We know that most things in life will come and go. That things change and nothing remains the same. The leaves fall off the trees in autumn, people split up, we move to different houses or a different city, we grow up and we grow apart. It’s one of the things I struggle with most in life but it’s also one of the things that fascinates me more than anything else; the impermanence of everything and how we try to hold on to what we have and what we know.
Sometimes all you need is a day out, a day off. To wake up and only then decide where to go, to get in a car, heading off for somewhere. What you need is a day of mid-May sunshine and heat, walking up the steps of an old, ruined castle to find the coolness waiting inside, the stonewalls crumbling under the weight of so many years.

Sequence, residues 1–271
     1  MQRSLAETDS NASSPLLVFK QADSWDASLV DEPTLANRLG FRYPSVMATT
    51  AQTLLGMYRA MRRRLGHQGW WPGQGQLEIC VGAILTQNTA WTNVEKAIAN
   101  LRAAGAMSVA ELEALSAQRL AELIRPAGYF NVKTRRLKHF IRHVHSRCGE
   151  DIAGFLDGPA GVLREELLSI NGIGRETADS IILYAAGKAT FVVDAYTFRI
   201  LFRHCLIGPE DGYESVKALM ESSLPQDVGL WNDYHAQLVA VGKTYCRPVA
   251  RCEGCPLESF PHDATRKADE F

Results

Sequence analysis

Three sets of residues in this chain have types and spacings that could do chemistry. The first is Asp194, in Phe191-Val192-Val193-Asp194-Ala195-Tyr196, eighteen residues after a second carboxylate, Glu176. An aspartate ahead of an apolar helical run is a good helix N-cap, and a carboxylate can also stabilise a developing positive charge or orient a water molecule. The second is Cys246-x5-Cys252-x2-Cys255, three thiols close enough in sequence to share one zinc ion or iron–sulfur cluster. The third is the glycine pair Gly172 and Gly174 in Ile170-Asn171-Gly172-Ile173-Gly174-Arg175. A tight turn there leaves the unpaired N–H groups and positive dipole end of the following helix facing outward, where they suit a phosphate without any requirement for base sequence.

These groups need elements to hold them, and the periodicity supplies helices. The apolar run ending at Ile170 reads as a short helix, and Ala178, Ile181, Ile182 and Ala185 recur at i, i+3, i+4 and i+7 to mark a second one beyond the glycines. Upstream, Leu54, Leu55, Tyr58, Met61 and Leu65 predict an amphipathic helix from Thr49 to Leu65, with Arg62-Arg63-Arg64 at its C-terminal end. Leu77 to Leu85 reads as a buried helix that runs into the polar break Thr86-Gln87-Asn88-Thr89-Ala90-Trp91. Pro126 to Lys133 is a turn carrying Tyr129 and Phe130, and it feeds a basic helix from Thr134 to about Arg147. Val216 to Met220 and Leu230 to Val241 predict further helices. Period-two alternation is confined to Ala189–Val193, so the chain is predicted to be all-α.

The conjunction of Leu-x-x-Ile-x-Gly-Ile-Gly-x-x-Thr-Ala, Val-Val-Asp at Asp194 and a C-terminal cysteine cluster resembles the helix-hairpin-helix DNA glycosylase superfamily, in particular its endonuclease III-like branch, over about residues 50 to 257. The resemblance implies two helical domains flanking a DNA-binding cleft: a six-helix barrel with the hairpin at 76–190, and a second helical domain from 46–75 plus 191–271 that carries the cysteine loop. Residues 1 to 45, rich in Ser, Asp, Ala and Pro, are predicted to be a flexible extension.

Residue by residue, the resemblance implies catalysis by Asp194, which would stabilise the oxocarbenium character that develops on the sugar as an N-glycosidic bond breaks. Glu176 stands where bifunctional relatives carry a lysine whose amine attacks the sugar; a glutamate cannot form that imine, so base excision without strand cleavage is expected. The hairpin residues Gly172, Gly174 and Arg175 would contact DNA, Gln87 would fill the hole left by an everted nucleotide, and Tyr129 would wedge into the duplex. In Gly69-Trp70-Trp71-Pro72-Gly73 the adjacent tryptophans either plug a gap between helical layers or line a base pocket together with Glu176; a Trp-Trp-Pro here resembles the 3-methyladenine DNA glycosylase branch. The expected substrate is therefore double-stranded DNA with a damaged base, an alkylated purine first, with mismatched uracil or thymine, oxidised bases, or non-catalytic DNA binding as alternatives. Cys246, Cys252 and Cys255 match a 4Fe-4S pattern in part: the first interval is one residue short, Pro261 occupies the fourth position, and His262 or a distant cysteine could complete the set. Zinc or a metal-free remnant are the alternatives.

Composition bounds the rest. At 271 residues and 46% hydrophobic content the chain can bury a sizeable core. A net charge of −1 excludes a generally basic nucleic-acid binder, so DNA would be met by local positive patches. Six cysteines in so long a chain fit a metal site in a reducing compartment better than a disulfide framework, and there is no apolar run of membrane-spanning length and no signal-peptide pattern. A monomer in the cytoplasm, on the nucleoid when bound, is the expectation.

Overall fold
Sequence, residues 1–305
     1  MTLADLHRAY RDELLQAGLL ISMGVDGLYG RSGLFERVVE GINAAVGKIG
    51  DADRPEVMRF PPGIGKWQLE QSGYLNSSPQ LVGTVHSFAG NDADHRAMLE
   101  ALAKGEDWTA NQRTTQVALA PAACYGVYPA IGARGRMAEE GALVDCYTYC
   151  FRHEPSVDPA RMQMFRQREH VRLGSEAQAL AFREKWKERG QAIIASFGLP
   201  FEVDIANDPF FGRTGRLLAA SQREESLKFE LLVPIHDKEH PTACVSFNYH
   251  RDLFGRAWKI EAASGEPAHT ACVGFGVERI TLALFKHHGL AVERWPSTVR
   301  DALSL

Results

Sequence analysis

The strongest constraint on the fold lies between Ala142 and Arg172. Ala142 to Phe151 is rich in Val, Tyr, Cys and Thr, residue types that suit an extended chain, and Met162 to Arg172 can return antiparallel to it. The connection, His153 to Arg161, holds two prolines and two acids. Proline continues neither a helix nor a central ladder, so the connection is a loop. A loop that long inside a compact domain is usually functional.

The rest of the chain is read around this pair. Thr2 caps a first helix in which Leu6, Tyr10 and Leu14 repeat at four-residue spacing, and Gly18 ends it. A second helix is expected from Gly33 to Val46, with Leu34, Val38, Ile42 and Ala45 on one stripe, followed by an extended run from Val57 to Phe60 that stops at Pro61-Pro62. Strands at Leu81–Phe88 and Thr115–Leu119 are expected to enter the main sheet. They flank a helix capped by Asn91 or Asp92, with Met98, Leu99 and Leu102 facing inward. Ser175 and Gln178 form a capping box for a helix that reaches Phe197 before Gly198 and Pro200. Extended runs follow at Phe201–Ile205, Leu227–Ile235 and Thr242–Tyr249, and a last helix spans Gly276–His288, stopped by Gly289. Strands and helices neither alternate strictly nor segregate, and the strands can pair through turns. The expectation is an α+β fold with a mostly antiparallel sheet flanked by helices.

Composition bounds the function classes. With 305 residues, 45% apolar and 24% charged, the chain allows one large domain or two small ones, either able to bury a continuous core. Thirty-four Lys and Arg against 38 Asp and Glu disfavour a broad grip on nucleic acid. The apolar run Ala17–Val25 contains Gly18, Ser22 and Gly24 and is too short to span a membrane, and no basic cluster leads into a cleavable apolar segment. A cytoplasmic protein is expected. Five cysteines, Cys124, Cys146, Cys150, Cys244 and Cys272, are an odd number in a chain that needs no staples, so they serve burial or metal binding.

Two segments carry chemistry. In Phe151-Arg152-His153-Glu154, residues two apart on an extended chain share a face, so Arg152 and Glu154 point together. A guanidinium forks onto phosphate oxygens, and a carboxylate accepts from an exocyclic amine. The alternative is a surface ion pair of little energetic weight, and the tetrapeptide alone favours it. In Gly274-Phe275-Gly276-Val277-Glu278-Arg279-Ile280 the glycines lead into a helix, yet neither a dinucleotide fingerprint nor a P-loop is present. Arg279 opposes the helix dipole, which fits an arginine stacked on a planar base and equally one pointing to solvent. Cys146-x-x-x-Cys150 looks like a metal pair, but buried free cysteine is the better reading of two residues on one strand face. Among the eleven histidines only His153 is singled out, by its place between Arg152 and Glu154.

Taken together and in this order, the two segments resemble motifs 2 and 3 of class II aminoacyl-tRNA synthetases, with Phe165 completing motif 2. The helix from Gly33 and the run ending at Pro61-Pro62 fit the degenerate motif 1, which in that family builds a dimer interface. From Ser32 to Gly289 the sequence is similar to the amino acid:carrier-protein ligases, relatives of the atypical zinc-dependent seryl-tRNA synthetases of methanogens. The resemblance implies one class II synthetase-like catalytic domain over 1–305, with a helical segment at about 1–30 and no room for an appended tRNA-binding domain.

During my childhood my dad would take photographs of our family with his heavy, black SLR camera, carried on a strap around his neck with a strange pattern in black, orange and purple colours. I remember having my photograph taken with it on holidays to Greece and Sweden; having to stop in random places when he had found a beetle he wanted to photograph and the blurry prints of the shiny beetles when they came back from the photo lab; sitting down on a low wall near a beach in Greece, smiling back at the camera as we posed for him.